2. Trickery. Somewhat surprisingly, you’re allowed to use trickery to serve documents. Let’s say your spouse refuses to open the door for the process server. You could ask an acquaintance to pretend to be a parcel delivery person with a cardboard box. When the other side opens the door to accept the parcel, your friend pulls out the documents from beneath and hands them forward.

There are all kinds of tricks you can employ, from pretending to deliver roses to checking for gas leaks. Just don’t impersonate a police officer or fireperson – that’s illegal.

3. Hide. Your process server can hide in the bushes and wait until the recipient goes out or comes in.

4. Go to Work. Your process server can go to the recipient’s workplace and directly hand the documents to the recipient there. Just don’t disturb the peace if you can avoid it.

5. Set a Hearing. If you have a basis to do so, file a motion against the recipient, and send the motion to the recipient by any means you can, such as email. Even though the motion cannot proceed because of lack of notice, the other side will often appear at the hearing to defend. When he or she shows up for the hearing, have someone serve the documents.

If you ask, the court will usually continue the hearing two weeks so you don’t have to re-file it.

6. Permission to Serve by Publication or Mail (Hard and Usually a Bad Idea). Lastly, you can seek court permission to serve the other side by publication or mail in lieu of person service. Between the two, service by publication is the first resort. Publication involves proving to the court you cannot personally serve the other side because he or she is hiding or has left the state to avoid being served. You then publish notice of the case in a newspaper of general circulation for months and mail it to the last known address.

Service by mail is similar, but you prove to the court that mailing is as likely as publication to provide actual notice.

Service by publication and mail can be difficult, and they’re typically inadvisable. Even if you successfully serve by publication or mail in lieu of personal service, the other side often won’t receive actual notice until the case is over. When the opposing party eventually learns of the case, he or she can often set aside the court’s prior decisions and start the divorce over. That’s a waste of everyone’s time and energy.

Explaining the exact steps involved in service by publication and mail would exceed the scope of this article.

III. How Do I Send Documents that Don’t Need to Be Personally Served?

After initial service of process (service of the summons and petition), almost all documents in the case (except subpoenas, restraining orders, or orders setting contempt hearings) can be served by dropping them off, hand-to-hand delivery, or mailing them. There is some dispute as to whether you can send your own documents or whether someone needs to do it for you. Better to enlist the help of someone over 18 who is of sound mind.

The person who delivers or mails the documents should complete a declaration of service or mailing. Make a copy of the declaration for your records and file the original with the court clerk. You can download a template declaration of service or mailing by clicking here.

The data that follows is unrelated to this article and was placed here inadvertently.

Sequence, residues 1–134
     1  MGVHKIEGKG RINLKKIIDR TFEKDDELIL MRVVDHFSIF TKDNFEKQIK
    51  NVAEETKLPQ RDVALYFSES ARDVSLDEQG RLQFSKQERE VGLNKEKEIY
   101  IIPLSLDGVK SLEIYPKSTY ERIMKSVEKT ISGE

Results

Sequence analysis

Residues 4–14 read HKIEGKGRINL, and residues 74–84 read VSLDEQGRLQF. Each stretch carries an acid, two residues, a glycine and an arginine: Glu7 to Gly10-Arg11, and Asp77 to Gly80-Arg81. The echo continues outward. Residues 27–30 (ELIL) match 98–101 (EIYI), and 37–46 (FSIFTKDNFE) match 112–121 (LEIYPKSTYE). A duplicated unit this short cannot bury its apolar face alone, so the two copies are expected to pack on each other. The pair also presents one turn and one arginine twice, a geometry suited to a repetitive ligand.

CR 5 contains the exact rules, which vary slightly depending whether the recipient has an attorney.

1. To a Represented Party. The documents should be delivered to the party’s attorney if he or she has one. That means handing them to the attorney, dropping them off with a front desk person or someone else in charge of the law office, or leaving the documents in a conspicuous place at the attorney’s office, usually near or on the front desk. Mailing the documents to the attorney’s office is also sufficient, but they aren’t deemed delivered until three days later. If the third day falls on a non-court day, the mailed documents aren’t considered delivered until the next court day. For example, if the third day falls on the Saturday of Memorial Day weekend, the documents are deemed delivered the Tuesday after Memorial Day – six days after mailing.

2. To an Unrepresented Party. If the other side doesn’t have an attorney, you can have the documents handed directly to the party, delivered to his or her office (just as if you were delivering to an attorney’s office), or left at the recipient’s home with someone of suitable age and discretion living there. You can also have the documents mailed to the other party, just as if mailed to an attorney’s office, including the three-day mailing rule.

If you don’t have the current address, you can use the last known address. It’s advisable but not required to email the person copies in that instance to ensure actual receipt.

3. Electronic Service. Often parties agree that all documents other than original service of process can be served electronically, such as by fax or email. A template electronic service agreement is available by clicking the link in this sentence. The agreement needs to be in writing and signed to be enforceable.

Moreover, a few counties’ local court rules require or authorize electronic service of documents after initial service of process (after service of the summons and petition). For example, King County requires attorneys to serve documents electronically and authorizes unrepresented parties to do so. If you don’t have a lawyer, you should speak with a family law facilitator at the county courthouse for a briefing on local rules. Speaking with a family law facilitator costs about $10 per session. Alternatively, you could speak with a LLLT, which is the legal word’s equivalent to a nurse practitioner.

That’s it! We hope you found this article useful. Our firm believes in making quality legal information available for free on the internet. For more, click the resources tab in this page’s upper right corner.

Or call us at 866-631-0028 to speak with a Genesis attorney or LLLT. From all of us at Genesis, we wish you the best with your family law matter!

Recommended Articles & Videos: